The PSTN relay is energised, so that the control panel is connected to the Duet. All calls are intercepted by the Duet and re-transmitted via radio or LAN. If the radio and LAN paths fail, or if a programmable number of call attempts fails, the PSTN relay is de-energised and the alarm control panel is connected directly to the PSTN, so that its normal calling function may proceed as if the Duet was not there. In DUET PRIORITY MODE, the Duet intercepts alarm communication from the alarm control and, depending on programming, will either: panel Acknowledge the message and store the data for later transmission, or Store the data and immediately attempt to forward the call without sending an ACK to the control panel.

7.1.1. Store and Forward 1 In this case, the Duet accepts the call from the alarm control panel, stores it and sends and ACK message back to the alarm control panel. The Duet then calls the ARC and passes the message on. The Duet works in this way automatically for 5 minutes (or whatever the Acknowledge Timer is set to in programming) after every successful call to the ARC. Note: SIA format only works in this mode regardless of NVM programming.

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Call Interception (contd) 7.1.1.2 Forward before Acknowledge


In this case, the Duet will attempt to forward the call before sending an acknowledge to the alarm control panel. This will cause the alarm control panel to make several attempts to call the Duet. If the alarm control panel has many Contact ID messages to send, they will be forwarded very slowly, one call forwarded at a time, rather than using the follow-on call technique. This operation may be improved by using a third technique. This will only forward the first call without acknowledging the alarm control panel. Further calls within a short period of time will use the store and forward technique. This is accomplished by programming the Acknowledge Timer in the programmer to 5 minutes for example. If this timer is set to 0, then forward before acknowledge will always operate.

7.1.2 PSTN Priority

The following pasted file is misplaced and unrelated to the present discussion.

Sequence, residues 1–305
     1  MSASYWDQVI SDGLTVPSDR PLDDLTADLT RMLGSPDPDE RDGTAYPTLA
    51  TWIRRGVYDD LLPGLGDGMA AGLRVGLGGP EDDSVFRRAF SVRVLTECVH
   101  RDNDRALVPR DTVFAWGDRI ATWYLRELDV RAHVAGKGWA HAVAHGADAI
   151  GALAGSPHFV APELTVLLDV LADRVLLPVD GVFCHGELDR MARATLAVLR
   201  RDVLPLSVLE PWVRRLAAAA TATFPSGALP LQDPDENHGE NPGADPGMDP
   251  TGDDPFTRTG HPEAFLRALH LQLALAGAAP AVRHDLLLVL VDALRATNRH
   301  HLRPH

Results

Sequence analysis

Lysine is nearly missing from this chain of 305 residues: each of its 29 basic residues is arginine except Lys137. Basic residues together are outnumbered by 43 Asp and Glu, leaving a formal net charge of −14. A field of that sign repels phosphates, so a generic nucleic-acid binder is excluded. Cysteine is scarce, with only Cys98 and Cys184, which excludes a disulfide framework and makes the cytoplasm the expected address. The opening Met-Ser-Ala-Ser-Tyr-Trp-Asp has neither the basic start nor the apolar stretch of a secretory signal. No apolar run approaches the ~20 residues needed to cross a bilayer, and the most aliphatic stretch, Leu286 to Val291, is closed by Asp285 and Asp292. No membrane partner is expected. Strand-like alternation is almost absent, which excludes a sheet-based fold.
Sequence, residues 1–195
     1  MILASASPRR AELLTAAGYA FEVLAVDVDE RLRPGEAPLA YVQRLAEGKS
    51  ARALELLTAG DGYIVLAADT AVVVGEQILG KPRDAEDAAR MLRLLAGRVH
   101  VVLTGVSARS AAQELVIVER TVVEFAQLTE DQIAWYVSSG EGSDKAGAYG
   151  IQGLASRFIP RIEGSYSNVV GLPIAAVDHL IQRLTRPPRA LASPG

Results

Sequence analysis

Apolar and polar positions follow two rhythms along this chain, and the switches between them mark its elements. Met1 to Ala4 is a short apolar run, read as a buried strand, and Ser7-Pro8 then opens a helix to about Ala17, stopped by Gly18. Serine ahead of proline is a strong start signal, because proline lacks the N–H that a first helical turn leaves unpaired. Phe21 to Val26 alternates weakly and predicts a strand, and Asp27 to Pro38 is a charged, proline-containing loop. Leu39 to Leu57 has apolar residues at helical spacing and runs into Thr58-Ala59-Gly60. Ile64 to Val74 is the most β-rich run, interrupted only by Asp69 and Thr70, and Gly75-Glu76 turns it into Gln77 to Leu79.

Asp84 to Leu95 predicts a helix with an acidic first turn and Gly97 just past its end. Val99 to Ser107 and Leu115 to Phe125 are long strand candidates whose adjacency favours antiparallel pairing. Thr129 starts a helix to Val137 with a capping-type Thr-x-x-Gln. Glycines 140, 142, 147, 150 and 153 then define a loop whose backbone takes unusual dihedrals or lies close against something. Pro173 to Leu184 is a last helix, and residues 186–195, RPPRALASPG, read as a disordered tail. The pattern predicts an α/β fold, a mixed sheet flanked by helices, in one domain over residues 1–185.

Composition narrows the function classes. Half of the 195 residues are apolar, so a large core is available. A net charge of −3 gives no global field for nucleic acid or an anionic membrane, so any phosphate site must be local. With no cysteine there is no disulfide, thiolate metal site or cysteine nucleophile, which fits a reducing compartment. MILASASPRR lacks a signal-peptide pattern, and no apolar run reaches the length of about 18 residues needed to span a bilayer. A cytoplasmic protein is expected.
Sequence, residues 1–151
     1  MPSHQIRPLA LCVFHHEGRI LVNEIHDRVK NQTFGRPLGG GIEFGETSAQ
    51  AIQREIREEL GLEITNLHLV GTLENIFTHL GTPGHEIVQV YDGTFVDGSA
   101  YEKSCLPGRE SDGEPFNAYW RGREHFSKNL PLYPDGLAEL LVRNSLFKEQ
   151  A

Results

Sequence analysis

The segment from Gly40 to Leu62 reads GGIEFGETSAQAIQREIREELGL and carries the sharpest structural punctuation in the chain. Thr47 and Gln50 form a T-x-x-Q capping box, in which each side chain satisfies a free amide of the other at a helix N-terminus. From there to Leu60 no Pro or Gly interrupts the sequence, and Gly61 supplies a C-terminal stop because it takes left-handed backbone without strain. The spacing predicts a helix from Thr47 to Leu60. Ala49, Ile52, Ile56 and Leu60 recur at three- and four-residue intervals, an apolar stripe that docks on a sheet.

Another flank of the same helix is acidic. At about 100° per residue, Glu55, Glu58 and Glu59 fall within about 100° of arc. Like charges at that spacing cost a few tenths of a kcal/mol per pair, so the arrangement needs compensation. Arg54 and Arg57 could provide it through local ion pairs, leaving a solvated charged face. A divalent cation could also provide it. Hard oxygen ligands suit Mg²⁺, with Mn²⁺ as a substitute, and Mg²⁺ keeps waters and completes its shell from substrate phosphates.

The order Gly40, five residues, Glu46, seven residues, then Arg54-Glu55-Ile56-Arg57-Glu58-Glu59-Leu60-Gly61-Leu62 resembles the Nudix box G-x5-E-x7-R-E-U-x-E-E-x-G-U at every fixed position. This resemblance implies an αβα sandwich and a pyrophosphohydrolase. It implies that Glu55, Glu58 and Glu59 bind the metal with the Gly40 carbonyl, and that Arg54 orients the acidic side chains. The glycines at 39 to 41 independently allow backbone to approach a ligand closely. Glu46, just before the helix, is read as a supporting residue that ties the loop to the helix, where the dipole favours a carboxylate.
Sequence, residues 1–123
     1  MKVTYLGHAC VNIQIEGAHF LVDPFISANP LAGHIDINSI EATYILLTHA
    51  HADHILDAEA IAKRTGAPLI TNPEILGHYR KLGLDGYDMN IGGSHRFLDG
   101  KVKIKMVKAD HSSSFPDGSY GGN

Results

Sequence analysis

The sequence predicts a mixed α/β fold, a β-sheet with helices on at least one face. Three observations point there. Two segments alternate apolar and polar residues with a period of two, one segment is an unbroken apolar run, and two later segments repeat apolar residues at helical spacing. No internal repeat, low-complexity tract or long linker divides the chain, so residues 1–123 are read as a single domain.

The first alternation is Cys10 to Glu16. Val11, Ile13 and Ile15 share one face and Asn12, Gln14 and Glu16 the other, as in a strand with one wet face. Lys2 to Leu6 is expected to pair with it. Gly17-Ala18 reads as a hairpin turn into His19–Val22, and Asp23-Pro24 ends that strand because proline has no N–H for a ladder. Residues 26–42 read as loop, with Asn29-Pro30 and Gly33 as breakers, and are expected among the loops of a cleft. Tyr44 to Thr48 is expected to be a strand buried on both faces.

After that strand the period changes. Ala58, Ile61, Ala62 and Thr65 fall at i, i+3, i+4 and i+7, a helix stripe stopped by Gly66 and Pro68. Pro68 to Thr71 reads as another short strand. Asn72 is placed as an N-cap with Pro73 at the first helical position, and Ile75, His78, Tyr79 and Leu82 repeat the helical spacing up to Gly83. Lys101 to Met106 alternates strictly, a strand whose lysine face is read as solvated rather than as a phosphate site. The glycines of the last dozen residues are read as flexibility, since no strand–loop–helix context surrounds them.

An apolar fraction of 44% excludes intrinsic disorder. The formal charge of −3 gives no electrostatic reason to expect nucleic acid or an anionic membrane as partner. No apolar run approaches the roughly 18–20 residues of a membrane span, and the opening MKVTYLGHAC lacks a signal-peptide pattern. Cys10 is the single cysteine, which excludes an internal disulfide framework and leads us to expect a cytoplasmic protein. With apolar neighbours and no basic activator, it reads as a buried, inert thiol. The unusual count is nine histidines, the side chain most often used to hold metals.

The PSTN relay is not energised, so that the alarm control panel is connected directly to the PSTN. This is the default state when the Duet is not powered. monitors the PSTN line and if it fails, switches the alarm control panel to the The Duet Duet. The Duet also monitors outgoing calls of the alarm control panel over PSTN, and if a programmable number of call attempts fails, will switch the alarm control panel over to the Duet, for a programmable period of time. For example, if two call attempts fail and the third is successful, subsequent calls will be attempted over the PSTN. However, if three call attempts in a row are unsuccessful, the Duet will switch the alarm control panel to the Duet and intercept the fourth call, and re-transmit it over radio or LAN. In this event, the Duet will keep hold of the alarm control panel for 10 minutes (or whatever time period is programmed) before reverting the control panel back to the PSTN. If the radio path fails, the alarm control panel will remain connected to the PSTN even if a PSTN fault is detected. Note: In this mode, if the call is made via PSTN, the SMS text function for alarm control panel calls will not work. Duet Line Simulator 7.2 When the Duet is connected to the alarm control panel, the operation is as follows: 1. The Duet provides 42-45VDC to the alarm control panel simulating a telephone line 2. When the alarm control panel goes off hook to make a call, the Duet detects the increased current and provides dial tone to the alarm control panel (350Hz for maximum of 9 seconds) 3. The alarm control panel dials its programmed telephone number using DTMF (if DTMF is detected during the 9 seconds of dial tone, the dial tone is switched off). The telephone number dialled is ignored by the Duet. The Duet will wait 3 seconds for dialling to complete, then it will give handshake tones to the alarm control panel (the frequencies of these tones are programmable in the NVM). Note: if the alarm control panel dials in Loop Disconnect, as long as it takes less than 9 + 3 seconds to complete, it will be ready to accept the HS tones from the Duet, after the 12 seconds have elapsed. The alarm control panel will send Fast Format or Contact ID data. 4. If the Duet receives no DTMF in response to the Fast Format handshake, it will repeat it. If it still gets no response, it will send out a SIA handshake tone, and wait for SIA FSK data. 5. The Duet will store the received data in its NVM and signal an Acknowledge tone (which is programmable) to the alarm control panel (if the forward immediately option is selected, the ACK is not sent at this time). a data message has been transferred to the event log NVM, the Duet will commence its 6. Once signalling function via GPRS, GSM, LAN and/or SMS, depending on programming. Once the signalling is complete, the Duet will mark that data message as being sent. 7. A preferred path may be selected, either wired or radio. If three calls to the preferred path fail, the Duet may call via other paths, and rotate between them until a successful call has been made. In the unlikely event of all calls being unsuccessful, the Duet will operate a Fault relay output. This output may be connected back to the HCP or to any other equipment. This output will remain active until a successful communication has occurred, or the Duet is reset.